In nearly every sci-fi story, there are jets of colored light shooting through the air. In fiction, lasers are used for almost everything, from futuristic weapons to tools for communication and discovery. On one hand, it makes sense that lasers are so ubiquitous in movies and TV shows: they are flashy, exciting, and novel in ways metal machinery and bullets can never be. On the other hand, there is a more obvious reason this tech so pervasive in depictions of the future: Lasers are everywhere now.
Humans have been using lasers in a practical sense since the 1950s. A laser-filled future is entirely conceivable given that the tech is already indispensable in a number of contemporary industries and fields. Indeed, lasers are as functional as they are fascinating, and they certainly earn a place in the world of tomorrow.
What Lasers Are
A laser isn’t just any colored beam of light; the difference between light produced by a flashlight and light from a laser is like the difference between ripples of water in a bathtub and tidal waves in the sea. The term is an acronym that stands for Light Amplification by Stimulated Emission of Radiation, and it describes how lasers are produced.
In nature, atoms generate energy when their electrons shift into different positions. Most often, this shift is spontaneous, and therefore it causes random colors (or wavelengths) of light particles (photons) of varying sizes that last a random time period, from milliseconds to eons. On Earth, humans can control the creation of lasers: Firing an electric current or photon into special glass, crystal, or gas, scientists can force electrons to shift in unison to produce a single beam of photons with an identical wavelength (or color). Typical light is white and diffused because it is an amalgam of all photon wavelengths; conversely, lasers are incredibly bright, narrow, and single-hued because their photons are a single wavelength moving in phase. Perhaps surprisingly, this unification of wavelength transforms light into an endlessly useful tool.
How Lasers Are Used
Lasers were first hypothesized in 1900 and first created in 1954 — and the technology has evolved rapidly since. Today, humans are so well-versed in the production and use of lasers that there are several different types in common use:
- Solid-state lasers. Constructed from some solid crystalline material, these lasers are particularly high-powered but incredibly brief.
- Gas lasers. Using the noble gases or carbon dioxide, these lasers can generate continuous bright beams.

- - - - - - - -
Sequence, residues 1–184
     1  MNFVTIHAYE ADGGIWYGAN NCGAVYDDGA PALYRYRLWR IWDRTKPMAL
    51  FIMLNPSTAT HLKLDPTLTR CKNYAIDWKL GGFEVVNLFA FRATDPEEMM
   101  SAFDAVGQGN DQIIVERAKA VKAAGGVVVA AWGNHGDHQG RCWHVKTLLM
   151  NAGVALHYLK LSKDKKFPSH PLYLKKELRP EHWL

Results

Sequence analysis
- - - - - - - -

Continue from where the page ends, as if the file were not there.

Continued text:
- Liquid dye lasers. Pumped with organic dye molecules, such as rhodamine, fluorescein, tetracene, and malachite green, these lasers produce a broad band of light frequencies and can be tuned to produce more, unlike other lasers.
- Semiconductor lasers. A cross between an LED light and a laser, these lasers tend to be cheap and weak.
- Fiber lasers. Amplified through optical fibers, these lasers are more efficient and reliable than other lasers, making them practical laser solutions.
These five types of lasers see four common applications in different industries and fields:
Lasers are interesting phenomena, but more importantly, they are vital tools for creating various products. In manufacturing, lasers can be used to aim certain tools, make critical measurements, and physically alter different materials, such as by cutting or searing with pinpoint accuracy. Because lasers are incredibly accurate, they generate less waste than other manufacturing tools.
Most modern communication would be impossible without lasers. Fiber optic cables allow humans to make phone calls and use internet services at lightning speeds without previous methods’ inconveniences, like crosstalk. Plus, lasers are not susceptible to interference from electrical and magnetic fields, ensuring everyone a clear connection.
Medical practices have always been risky, but the modern use of lasers has diminished that risk. Lasers in surgery are more precise than the human hand, which means they can complete incisions, especially on delicate bodily regions like the eye or brain, with greater success. Plus, laser treatments tend to be less painful and heal faster than traditional methods.
There is hardly a STEM field that doesn’t use lasers. Environmental scientists use lasers to measure air quality or to purify water samples; chemists use lasers to monitor swift chemical processes; biologists use lasers to study cellular activity; and so on. While we use science to learn more about lasers, lasers aid science in a variety of ways.
Today, humans can make lasers as wide as football fields or smaller than a pin-prick; we can make them in a spectrum of hues, and we can sustain them for hours or shoot short blasts of light. Undoubtedly, we will gain even greater control of lasers in the coming years. Ultimately realizing that fantastic depiction of a laser-filled future.